The third verse to the hymn, “May The Mind Of Christ My Savior”, has a powerful and much needed petition to God.

May the peace of God my Father
Rule my life in everything,
That I may be calm to comfort
Sick and sorrowing.

We especially consider the richness of the phrase “calm to comfort” today. Calmness comes from peace with God our Father by inviting His rulership over everything in our life. A synonym of “calm” I increasingly value is steadiness. This last Sunday a 92 year old woman in our church plaintively and earnestly stated, as we were discussing some new ambitions for our church, “What can I do?” Well, due to her age and frailty, there are many things she can no longer do, but after the service I spoke to her and her husband and reminded them of the value and blessing we receive from their steadiness in righteous living, which they model for others to see and imitate.

Paul predictably begins each of his epistles with a familiar salutation among the Biblical letters that specifically identify him as the writer, “Grace to you and peace from God our Father and the Lord Jesus Christ.”

In 2 Corinthians he follows this with praise: “Blessed be the God and Father of our Lord Jesus Christ, the Father of mercies and God of all comfort.” The four words, “God of all comfort” has surely been a source of enduring consolation through the years of the Church.

Paul forthrightly acknowledges the reality of affliction which we all experience to varying degrees, when he writes that God “comforts us in all our affliction.”

However there is a dual purpose for our suffering and affliction:
1) That we might share in His glory: “We share in His sufferings in order that we may also share in His glory” (Romans 8:17).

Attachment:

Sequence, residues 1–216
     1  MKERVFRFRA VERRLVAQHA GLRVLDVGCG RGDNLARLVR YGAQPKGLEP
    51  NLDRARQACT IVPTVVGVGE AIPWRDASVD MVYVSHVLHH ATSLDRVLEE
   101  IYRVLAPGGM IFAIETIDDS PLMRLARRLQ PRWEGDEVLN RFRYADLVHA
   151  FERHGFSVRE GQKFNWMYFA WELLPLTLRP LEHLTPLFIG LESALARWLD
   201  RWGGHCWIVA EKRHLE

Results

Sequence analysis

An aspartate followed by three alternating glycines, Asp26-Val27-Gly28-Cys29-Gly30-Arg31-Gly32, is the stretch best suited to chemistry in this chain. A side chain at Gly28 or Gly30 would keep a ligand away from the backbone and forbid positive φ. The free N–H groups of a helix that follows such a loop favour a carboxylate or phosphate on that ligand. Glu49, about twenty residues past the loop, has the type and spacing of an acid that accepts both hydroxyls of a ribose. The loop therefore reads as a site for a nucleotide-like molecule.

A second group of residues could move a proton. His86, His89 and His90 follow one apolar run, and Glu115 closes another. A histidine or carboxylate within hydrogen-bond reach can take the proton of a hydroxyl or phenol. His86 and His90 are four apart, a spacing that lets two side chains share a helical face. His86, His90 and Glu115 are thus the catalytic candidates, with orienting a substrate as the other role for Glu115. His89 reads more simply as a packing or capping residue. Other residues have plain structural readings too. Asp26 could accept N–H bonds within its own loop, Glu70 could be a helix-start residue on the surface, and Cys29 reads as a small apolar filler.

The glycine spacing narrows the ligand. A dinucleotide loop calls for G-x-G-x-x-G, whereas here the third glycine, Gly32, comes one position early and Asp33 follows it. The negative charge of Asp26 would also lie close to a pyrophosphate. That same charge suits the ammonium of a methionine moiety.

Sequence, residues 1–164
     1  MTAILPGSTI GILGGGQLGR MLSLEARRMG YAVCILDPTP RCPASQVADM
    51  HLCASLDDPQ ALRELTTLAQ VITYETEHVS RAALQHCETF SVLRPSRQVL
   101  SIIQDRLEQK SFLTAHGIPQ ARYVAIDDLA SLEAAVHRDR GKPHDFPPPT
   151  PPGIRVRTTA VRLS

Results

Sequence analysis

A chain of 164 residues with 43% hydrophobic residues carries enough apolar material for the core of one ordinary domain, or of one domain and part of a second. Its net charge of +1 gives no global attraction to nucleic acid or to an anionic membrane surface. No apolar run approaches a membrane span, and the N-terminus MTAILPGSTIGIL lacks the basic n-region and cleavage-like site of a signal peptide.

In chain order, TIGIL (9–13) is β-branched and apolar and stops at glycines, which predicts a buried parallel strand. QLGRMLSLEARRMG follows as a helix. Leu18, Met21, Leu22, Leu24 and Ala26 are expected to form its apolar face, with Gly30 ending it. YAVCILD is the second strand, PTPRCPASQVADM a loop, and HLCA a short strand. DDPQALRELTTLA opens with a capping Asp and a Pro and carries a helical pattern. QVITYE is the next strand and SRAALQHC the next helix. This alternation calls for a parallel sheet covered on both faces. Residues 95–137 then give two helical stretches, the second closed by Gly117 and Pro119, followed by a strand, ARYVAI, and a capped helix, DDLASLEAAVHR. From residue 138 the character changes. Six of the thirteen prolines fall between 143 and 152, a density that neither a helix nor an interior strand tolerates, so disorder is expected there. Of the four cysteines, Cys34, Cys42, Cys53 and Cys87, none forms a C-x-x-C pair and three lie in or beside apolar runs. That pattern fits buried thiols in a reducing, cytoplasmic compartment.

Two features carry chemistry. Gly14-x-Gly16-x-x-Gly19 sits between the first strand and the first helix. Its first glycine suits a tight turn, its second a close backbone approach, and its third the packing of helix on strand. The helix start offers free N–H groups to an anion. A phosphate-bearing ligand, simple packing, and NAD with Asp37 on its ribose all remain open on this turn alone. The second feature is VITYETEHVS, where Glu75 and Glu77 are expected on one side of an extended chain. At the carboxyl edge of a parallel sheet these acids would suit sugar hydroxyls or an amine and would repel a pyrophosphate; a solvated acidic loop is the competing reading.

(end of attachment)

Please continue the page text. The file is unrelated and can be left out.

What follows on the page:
2) That we might comfort others: “God comforts us in our affliction so that we will be able to comfort those who are in any affliction with the comfort with which we ourselves are comforted by God” (2 Corinthians 1:4).

When we endure affliction and experience God’s calming peace in the midst of it, we are propelled to provide comfort to others with the same comfort we ourselves received from God. We receive great satisfaction and inner joy when we’ve made a positive difference in one’s suffering.

Be encouraged today,

Stephen & Brooksyne Weber

Praying manDaily prayer: Father, may Your peace rule our lives in everything, enabling us to remain calm and trusting in the midst of our own troubles, so that we might also reach out to others who suffer in sickness or in sorrow. We want to be Your hand extended to them so that they may know the God of all comfort. You are our Comforter who lifts us when we are downcast, who provides refuge from the howling storms of life, and the God of eternal hope when our circumstances seem hopeless. May we convey to others this wondrous uplifting message of comfort and hope to those whose life’s circumstances has hidden You from view. In the name of Jesus we pray. Amen.